Using Slope to Partition Segments Video

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  • 0:04 Partitioning a Line Segment
  • 0:52 Using Slope
  • 2:34 Example
  • 4:26 Lesson Summary
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Lesson Transcript
Instructor: Laura Pennington

Laura has taught collegiate mathematics and holds a master's degree in pure mathematics.

Partitioning a line segment involves breaking the line segment up in a particular way. This lesson will show how to use the slope of a line segment to find a point that partitions the line segment into a given ratio.

Partitioning a Line Segment

At the circus, Mike the magnificent is walking the tight rope. It takes him 10 equal size steps to get across the rope. He takes seven steps flawlessly, then wobbles a bit, and quickly takes the last three steps to land safely on the end platform.


The point where Mike wobbles partitions the rope (line segment) into the ratio 7/3.
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It just so happens that Mike just performed a mathematical feat called partitioning a line segment. Partitioning a directed line segment, AB, into a ratio a/b involves dividing the line segment into a + b equal parts and finding a point that is a equal parts from A and b equal parts from B.


Partitioning a line segment with ratio a/b
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Consider Mike again. The point at which he wobbled on the tight rope (a line segment of 10 equal parts) is seven equal parts from the start and three equal parts from the end, so the point at which Mike wobbled partitioned the line segment into the ratio 7/3.

Using Slope

Partitioning a directed line segment seems simple enough, but what if we are given the two endpoints of a directed line segment, and want to find the point that partitions the line segment into the ratio a/b?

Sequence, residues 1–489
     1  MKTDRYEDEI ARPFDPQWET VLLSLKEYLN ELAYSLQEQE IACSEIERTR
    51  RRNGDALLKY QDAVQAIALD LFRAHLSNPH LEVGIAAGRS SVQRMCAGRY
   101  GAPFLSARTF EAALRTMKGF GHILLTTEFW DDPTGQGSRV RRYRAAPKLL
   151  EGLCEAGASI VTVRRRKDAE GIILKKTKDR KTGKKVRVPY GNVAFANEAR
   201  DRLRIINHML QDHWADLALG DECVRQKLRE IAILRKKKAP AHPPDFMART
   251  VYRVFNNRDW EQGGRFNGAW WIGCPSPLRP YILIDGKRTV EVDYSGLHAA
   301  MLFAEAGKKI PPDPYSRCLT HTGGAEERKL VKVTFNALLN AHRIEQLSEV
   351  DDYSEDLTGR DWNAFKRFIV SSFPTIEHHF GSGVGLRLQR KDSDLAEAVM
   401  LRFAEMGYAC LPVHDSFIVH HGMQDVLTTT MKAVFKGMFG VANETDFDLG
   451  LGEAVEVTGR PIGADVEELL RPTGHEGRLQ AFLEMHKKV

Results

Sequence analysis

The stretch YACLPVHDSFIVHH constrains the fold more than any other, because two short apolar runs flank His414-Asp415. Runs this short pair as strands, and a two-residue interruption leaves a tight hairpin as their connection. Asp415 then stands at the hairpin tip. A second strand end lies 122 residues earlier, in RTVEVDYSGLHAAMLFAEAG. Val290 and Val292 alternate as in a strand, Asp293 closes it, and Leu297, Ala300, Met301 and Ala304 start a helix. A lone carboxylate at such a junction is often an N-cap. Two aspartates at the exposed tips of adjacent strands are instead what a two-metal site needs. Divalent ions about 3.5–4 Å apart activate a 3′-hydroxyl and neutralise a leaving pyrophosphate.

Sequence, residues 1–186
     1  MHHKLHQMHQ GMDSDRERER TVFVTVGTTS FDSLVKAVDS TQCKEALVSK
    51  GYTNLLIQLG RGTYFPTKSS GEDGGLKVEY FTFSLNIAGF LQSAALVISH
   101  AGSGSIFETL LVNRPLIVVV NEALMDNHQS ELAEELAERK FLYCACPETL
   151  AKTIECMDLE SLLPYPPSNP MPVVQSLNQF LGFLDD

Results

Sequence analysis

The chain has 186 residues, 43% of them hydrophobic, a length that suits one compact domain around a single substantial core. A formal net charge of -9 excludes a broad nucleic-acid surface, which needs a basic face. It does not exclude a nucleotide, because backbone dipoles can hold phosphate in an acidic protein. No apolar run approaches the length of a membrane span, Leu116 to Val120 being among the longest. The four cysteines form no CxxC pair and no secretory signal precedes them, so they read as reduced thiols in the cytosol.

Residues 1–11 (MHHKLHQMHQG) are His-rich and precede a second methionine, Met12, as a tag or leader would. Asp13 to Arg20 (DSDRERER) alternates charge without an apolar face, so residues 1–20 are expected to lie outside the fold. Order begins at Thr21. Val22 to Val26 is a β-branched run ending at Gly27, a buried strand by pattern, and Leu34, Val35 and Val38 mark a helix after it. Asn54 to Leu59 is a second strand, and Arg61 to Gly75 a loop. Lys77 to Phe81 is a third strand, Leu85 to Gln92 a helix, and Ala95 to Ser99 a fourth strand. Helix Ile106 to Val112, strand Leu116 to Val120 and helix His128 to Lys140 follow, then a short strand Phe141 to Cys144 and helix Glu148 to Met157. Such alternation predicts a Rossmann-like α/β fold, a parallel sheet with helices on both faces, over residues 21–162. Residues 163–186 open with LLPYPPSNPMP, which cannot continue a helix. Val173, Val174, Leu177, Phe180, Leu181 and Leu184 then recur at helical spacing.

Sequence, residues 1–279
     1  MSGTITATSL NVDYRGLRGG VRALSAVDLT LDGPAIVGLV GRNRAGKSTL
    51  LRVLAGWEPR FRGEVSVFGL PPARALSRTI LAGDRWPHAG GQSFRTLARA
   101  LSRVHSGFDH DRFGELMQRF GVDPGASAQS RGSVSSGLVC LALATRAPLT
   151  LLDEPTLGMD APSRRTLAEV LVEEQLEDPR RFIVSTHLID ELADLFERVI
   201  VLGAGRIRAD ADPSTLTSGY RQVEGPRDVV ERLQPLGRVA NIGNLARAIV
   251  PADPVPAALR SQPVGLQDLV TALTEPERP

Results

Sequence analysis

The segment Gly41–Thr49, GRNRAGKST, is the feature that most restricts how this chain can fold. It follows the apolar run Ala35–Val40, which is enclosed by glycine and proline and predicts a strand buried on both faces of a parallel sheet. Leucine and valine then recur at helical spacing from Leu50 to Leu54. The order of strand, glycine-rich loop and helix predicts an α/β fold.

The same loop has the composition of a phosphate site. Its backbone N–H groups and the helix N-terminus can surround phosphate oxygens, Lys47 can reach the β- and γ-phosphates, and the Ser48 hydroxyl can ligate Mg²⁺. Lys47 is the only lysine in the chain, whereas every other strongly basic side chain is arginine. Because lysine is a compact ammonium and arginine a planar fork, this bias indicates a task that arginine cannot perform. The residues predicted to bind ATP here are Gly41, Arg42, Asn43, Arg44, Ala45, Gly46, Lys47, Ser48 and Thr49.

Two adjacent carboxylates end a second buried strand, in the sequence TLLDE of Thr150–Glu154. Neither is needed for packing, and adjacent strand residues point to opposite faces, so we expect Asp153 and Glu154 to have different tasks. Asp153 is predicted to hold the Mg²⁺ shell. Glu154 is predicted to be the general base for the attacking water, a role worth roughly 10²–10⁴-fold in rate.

Thankfully, we can do this fairly easily using parts of the slope of the line segment. The slope of the line segment with endpoints (x1, y1) and (x2, y2) gives us the rate at which y is changing with respect to x, and we can find it using the slope formula:

Slope = Rise/Run = (Change in y)/(Change in x) = (y2 - y1)/(x2 - x1)

If we are given a line segment AB, where A = (x1, y1) and B = (x2, y2), and we want to partition it into the ratio a/b, then we want to find a point P that falls a equal parts from point A and b equal parts from point B on the line segment. We can do this using the following steps:

  1. Determine the ratio, call it c, comparing a to the entire length of the line segment using the formula c = a/(a + b). This ratio gives the fraction of the way that P is from A to B.
  2. Find the rise (y2 - y1) and run (x2 - x1) of the slope of the line segment.
  3. Add c⋅(run) to the x1, and add c⋅(rise) to y1. This takes point A and moves it a/(a + b) of the way to point B, which is exactly the point P that we want.

These steps also give way to a nice easy formula for P:

P = (x1 + c(x2 - x1), y1 + c(y2 - y1))


partslop3


Hmmm…that seems to make sense, but don't you think an example will make things even more clear?

Example

Suppose we have a directed line segment AB, where A = (1,2) and B = (8,7), and we want to partition it with the ratio 3/5. In other words, we want to find a point, P, that is three equal parts from A and is five equal parts from B. Let's take it through our steps, and then we'll verify our answer with our formula.

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